UNICEF Executive Board

Executive Board looks to greater results for children despite challenges

2011 Annual Session begins

NEW YORK, USA, 20 June 2011 – The UNICEF Executive Board kicked off its 2011 Annual Session at UN headquarters in New York this morning with an eye towards achieving greater results for children despite the international economic downturn and other global challenges.

VIDEO: 20 June 2011 – UNICEF’s Executive Board President, Her Excellency Sanja Štiglic, Permanent Representative of Slovenia to the United Nations, addresses the Executive Board’s 2011 Annual Session.  Watch in RealPlayer

 

“We owe it to children to live up to the promises we have made to them, most urgently those of the Millennium Declaration and Millennium Development Goals,” said UNICEF’s Executive Board President, Her Excellency Sanja Štiglic, Permanent Representative of Slovenia to the United Nations.

“In today’s increasingly insecure world,” she added, “we rely on UNICEF to continue to be the world’s greatest and most steadfast champion of children and their rights.”

Progress and achievements

This four-day session of UNICEF’s governing body began with a presentation and discussion of the Executive Director’s Annual Report. The report covers progress and achievements against the organization’s medium-term strategic plan for 2006 through 2013.

“It has been a good year, but a challenging one,” said Executive Director Anthony Lake. “Every part of UNICEF has been working on deepening our focus on reaching the most disadvantaged children.”

VIDEO: 20 June 2011 – Executive Director Anthony Lake makes his opening statement at the 2011 Annual Session of the UNICEF Executive Board.  Watch in RealPlayer

 

In his remarks about the Annual Report – which preceded a more detailed presentation by Director of Policy and Practice Richard Morgan – Mr. Lake listed some of the tumultuous events that UNICEF and its partners have faced in the past year.

“Cascading catastrophes in Pakistan, Japan and elsewhere, the cholera challenge in Haiti, the continued rise in food prices, the increasing effects of climate change, and political strife in many countries have all taken their toll,” he said.

Decline in core resources

And the world financial crisis poses an ongoing threat to the world’s poorest and most marginalized children, Mr. Lake noted, “as many donor governments cut their aid budgets, and many partner governments cut social spending.”

UNICEF Image
© UNICEF/NYHQ2011-0841/Markisz
Executive Director Anthony Lake speaks from the dais at the 2011 Annual Session of the UNICEF Executive Board with (from left) Deputy Executive Director Hilde F. Johnson, Deputy Executive Director Martin Mogwanja, President of the 2011 Executive Board, Ambassador Sanja Štiglic, and Executive Board Secretary Nicolas Pron.

At UNICEF, the downturn has been reflected in a decline in core resources for each of the past two years. To address that decline, budget reductions are being recommended for 2012 and 2013, primarily at the headquarters level. Mr. Lake emphasized that the cuts will not affect country-programme operations.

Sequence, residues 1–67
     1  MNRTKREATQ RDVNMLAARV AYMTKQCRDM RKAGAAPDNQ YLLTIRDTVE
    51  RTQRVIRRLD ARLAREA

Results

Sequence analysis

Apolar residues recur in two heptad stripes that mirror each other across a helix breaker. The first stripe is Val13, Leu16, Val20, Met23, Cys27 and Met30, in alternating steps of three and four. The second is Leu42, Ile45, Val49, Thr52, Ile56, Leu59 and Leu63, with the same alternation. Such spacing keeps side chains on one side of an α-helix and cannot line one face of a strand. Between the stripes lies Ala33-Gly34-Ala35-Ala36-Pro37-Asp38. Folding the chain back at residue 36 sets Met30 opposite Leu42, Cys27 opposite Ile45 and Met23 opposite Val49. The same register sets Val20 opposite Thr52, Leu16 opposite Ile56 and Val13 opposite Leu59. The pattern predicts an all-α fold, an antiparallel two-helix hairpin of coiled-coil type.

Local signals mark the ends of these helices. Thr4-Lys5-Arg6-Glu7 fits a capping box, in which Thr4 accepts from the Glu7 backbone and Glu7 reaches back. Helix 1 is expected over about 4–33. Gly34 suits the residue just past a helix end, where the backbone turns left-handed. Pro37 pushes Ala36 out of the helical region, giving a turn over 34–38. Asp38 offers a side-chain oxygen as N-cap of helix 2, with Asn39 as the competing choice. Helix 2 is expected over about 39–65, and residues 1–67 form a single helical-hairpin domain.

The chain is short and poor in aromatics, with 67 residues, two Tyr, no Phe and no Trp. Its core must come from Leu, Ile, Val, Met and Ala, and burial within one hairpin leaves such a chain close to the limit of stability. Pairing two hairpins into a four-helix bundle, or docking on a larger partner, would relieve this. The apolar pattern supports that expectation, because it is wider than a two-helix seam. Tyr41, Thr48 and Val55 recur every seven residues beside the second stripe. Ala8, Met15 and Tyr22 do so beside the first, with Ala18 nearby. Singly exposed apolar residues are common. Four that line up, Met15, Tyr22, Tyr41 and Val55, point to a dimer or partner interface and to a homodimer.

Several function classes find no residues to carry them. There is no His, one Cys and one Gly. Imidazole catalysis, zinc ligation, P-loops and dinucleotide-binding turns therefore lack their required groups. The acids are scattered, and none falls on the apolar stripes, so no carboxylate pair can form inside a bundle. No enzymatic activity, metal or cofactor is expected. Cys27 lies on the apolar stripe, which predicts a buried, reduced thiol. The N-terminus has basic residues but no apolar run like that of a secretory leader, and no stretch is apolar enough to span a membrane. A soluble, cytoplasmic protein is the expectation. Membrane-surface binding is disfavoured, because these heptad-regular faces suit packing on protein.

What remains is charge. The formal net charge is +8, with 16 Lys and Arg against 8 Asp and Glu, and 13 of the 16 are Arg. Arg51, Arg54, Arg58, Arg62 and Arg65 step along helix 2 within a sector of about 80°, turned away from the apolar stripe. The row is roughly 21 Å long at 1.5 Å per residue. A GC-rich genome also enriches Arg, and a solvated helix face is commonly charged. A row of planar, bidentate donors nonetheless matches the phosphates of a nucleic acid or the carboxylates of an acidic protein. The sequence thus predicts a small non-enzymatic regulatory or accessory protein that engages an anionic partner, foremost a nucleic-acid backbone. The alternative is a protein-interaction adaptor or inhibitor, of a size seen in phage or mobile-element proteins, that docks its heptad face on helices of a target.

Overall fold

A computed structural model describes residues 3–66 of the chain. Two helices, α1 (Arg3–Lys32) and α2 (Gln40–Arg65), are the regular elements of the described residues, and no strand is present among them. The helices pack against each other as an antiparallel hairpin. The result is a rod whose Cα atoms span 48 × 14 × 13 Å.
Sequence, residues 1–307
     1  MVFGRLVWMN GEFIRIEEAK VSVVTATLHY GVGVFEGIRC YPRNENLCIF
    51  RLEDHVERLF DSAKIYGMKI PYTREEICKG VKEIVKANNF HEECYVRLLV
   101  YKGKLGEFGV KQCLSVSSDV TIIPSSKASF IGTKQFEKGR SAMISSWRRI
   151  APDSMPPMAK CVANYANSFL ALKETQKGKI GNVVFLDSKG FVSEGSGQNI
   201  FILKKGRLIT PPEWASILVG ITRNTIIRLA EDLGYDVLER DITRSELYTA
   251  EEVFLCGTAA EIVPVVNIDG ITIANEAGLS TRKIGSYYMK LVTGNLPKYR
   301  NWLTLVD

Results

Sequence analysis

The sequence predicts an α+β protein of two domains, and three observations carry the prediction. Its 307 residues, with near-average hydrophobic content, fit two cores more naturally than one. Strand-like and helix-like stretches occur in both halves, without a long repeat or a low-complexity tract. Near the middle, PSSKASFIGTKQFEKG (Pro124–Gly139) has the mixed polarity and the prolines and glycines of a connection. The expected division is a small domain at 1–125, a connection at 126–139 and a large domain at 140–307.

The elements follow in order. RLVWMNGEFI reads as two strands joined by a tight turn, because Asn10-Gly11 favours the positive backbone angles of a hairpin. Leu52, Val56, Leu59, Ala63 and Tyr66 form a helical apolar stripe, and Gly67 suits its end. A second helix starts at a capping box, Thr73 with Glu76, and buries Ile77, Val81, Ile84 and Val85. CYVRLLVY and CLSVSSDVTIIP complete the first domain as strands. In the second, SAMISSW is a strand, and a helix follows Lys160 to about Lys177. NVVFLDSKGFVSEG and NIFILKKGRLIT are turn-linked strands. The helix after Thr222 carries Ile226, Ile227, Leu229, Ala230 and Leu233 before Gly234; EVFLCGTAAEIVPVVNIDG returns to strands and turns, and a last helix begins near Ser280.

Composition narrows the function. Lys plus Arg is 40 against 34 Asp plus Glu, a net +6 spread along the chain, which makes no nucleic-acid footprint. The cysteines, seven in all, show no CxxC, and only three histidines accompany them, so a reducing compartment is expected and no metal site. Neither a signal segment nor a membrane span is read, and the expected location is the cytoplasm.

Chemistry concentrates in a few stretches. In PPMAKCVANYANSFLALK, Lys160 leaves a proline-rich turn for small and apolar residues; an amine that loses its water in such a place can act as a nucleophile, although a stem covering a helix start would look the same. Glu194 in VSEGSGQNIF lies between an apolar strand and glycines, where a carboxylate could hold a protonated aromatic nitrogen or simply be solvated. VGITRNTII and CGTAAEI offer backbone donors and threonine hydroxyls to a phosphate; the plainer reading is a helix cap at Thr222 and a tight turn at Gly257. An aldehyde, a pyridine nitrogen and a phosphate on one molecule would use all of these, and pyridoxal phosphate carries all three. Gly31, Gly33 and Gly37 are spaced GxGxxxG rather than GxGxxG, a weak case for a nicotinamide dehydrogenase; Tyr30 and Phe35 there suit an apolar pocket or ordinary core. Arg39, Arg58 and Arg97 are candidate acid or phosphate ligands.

“Our budget must protect UNICEF’s capacity to act on behalf of children through our country programmes, including in emergencies and humanitarian crises,” he said. “This means no cuts in UNICEF country programmes, because everything we’re doing – and everything we aim to do – depends on the results we are able to achieve in the field.”

Goals for 2012-2013

The Executive Director’s report gave Executive Board members and delegates a wide-ranging overview of the results that UNICEF and its partners achieved in its main focus areas last year. It also outlined programmatic aims for the next two years.

For example, Mr. Lake pointed to the imperative “to eradicate polio once and for all,” and to greatly expand the use of new vaccines against the two biggest killers of children: pneumonia and diarrhoea.

On the issue of children and AIDS, he said, “we have the chance to be well on the road to achieving a generation free of HIV” through wider access to anti-retroviral treatment for pregnant women living with the virus – treatment that will eliminate new infections in infants and children.

UNICEF Image
© UNICEF/NYHQ2011-0842/Markisz
Participants in the 2011 Annual Session of the UNICEF Executive Board applaud Deputy Executive Director Hilde F. Johnson (left) for her efforts on behalf of the world’s children.

Mr. Lake went on to detail additional goals involving the reduction of chronic under-nutrition, which can lead to stunting in young children; protection of children from violence, exploitation and abuse; and provision of access to a quality education for all children, with a particular focus on girls.

‘A better UNICEF’

One key to attaining these and other objectives is “building a better UNICEF,” asserted Mr. Lake. To that end, his report laid out a series of benchmarks for making the agency more effective, responsive, efficient, transparent and collaborative in the coming years.

“I cannot promise you that we will accomplish all we hope to by 2013, but I can promise that we will try,” Mr. Lake told the Executive Board. “I expect you to hold us accountable for that.”

Beyond the Annual Report, Mr. Lake announced two major changes in senior management at UNICEF. First, he said, Geeta Rao Gupta – most recently Senior Fellow at the Bill and Melinda Gates Foundation, has joined the organization as Deputy Executive Director. And second, Deputy Executive Director Hilde F. Johnson will be leaving UNICEF soon.


 

 


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